3) Information flow is robust. The more candidates know about the company and the company knows about the candidates, the better the chances of a proper fit. Disproportionate resources are also allocated to encouraging that flow.
4) The hiring bar is set unapologetically high from the onset, with the emphasis on quality over quantity. Candidates are actively recruited out as well as in.
5) Clear distinctions are made between the things that computers can do well (provide 24/7 information on a website) and the things that people can do better (answer questions, provide encouragement, make referrals, say thank you).
6) Short-term and long-term goals are equally balanced, which leads to the careful treatment of both active and passive candidates. This approach also acknowledges the enormous numbers of casual job seekers on the Internet who, if treated respectfully and courteously, can become tomorrow’s hires.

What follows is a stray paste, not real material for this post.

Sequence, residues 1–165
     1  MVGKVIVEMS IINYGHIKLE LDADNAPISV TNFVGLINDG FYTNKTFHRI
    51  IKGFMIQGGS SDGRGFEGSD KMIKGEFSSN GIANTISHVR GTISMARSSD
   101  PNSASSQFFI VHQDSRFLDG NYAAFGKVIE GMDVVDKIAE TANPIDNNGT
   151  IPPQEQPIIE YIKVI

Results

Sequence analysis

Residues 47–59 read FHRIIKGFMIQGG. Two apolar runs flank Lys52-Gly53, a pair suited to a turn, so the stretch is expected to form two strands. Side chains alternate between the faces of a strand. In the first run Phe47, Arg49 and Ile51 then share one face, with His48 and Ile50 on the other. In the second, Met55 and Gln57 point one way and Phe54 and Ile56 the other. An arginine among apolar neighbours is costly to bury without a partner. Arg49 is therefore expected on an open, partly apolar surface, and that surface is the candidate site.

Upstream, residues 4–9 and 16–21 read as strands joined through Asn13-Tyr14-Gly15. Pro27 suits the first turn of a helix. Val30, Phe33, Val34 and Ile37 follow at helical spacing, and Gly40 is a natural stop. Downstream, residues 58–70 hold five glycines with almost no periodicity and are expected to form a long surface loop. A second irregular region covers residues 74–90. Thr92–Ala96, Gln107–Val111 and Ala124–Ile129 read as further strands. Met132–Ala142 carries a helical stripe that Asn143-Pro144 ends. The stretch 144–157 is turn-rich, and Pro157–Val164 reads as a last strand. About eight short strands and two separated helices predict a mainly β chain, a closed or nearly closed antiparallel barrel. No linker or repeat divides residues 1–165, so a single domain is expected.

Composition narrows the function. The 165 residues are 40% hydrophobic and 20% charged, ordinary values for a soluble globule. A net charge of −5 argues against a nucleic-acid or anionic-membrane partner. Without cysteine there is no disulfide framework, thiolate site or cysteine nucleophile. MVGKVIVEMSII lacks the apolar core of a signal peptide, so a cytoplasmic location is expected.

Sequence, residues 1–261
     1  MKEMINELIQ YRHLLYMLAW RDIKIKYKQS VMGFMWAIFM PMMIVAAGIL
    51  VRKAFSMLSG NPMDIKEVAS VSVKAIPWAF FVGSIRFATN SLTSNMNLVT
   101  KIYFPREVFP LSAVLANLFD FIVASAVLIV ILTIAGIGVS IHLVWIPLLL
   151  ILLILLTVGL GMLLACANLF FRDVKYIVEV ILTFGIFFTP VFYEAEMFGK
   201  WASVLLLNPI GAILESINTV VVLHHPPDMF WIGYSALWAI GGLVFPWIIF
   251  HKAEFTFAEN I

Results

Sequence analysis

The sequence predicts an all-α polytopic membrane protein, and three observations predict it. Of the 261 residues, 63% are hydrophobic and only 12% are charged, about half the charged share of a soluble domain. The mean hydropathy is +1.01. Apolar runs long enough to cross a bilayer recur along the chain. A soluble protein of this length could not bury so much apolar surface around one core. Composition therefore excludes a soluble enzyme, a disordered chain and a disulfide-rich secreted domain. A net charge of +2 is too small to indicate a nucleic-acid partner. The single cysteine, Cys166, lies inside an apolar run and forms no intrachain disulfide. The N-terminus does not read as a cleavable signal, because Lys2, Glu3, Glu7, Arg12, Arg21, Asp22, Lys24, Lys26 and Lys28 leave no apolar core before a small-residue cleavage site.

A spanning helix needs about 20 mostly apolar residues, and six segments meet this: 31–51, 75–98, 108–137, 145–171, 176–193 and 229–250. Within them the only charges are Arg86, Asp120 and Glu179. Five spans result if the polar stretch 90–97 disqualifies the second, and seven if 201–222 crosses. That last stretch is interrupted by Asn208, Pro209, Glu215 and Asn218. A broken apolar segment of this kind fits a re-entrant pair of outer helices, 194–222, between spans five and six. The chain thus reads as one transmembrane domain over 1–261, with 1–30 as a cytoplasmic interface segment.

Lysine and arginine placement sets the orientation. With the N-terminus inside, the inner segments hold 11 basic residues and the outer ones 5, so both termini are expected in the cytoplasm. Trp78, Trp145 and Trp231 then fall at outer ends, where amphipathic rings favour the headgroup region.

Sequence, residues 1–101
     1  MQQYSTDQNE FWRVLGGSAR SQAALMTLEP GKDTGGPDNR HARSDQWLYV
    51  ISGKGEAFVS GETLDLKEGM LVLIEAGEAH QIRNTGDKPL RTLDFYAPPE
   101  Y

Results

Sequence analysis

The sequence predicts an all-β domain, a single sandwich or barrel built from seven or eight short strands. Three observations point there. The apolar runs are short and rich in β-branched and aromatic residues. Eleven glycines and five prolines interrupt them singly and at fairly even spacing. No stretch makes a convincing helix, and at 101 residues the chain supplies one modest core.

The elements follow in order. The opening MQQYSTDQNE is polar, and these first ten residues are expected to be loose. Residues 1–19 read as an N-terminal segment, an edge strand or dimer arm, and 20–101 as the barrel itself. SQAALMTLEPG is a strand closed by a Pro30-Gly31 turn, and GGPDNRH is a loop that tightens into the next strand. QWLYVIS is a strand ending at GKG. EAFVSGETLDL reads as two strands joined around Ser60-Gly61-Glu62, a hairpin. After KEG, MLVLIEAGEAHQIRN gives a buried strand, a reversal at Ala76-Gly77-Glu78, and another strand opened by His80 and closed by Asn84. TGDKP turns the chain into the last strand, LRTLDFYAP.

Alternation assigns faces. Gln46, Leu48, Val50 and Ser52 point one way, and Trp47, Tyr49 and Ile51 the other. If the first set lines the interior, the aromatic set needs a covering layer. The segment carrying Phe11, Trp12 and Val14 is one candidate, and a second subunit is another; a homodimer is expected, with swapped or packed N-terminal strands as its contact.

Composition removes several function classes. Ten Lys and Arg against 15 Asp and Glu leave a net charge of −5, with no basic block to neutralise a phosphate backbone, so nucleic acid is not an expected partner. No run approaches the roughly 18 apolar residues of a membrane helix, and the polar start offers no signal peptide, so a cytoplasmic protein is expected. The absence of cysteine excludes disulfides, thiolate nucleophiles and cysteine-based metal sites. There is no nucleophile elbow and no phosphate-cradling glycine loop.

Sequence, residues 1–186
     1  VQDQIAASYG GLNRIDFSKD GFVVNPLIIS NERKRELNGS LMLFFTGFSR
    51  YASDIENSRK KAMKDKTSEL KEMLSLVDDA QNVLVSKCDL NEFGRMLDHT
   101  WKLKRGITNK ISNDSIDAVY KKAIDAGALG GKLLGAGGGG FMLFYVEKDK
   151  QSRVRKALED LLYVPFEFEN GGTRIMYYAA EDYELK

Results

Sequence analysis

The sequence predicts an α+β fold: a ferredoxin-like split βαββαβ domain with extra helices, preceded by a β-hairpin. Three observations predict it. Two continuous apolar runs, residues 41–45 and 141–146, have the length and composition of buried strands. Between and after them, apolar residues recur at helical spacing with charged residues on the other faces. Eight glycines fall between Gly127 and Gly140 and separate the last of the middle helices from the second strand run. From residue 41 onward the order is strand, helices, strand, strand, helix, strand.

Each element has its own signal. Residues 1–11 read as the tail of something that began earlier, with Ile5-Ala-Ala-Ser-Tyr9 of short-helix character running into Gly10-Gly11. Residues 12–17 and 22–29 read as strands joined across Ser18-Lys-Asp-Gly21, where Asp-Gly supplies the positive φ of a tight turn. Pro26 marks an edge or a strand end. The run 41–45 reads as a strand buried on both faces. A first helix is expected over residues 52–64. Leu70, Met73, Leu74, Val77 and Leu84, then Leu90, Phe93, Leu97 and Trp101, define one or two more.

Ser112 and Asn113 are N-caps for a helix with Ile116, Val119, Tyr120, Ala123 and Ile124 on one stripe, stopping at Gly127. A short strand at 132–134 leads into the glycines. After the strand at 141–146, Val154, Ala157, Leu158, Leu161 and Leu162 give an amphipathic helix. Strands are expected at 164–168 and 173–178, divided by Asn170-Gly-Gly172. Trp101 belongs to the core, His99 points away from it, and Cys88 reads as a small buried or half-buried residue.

7) Job seekers are never forced to reveal more than they wish to at any stage of engagement. Identities can be shielded until very late in the process.
8) All queries into the firm are respected and answered. There is no such thing as a black hole into which applicants disappear.
9) Candidate questions are widely routed throughout the company, even to the executive suite, and timely responses are required. No one is considered too busy or too important to respond to a candidate.
10) Recruiting and sourcing are separate but equal functions. Sourcing’s job is to develop new candidate leads. Given the complexity of today’s job marketplace, it is considered a distinct specialty. Recruiting’s job is to develop the leads once they enter the system. Each specialty has its own metrics.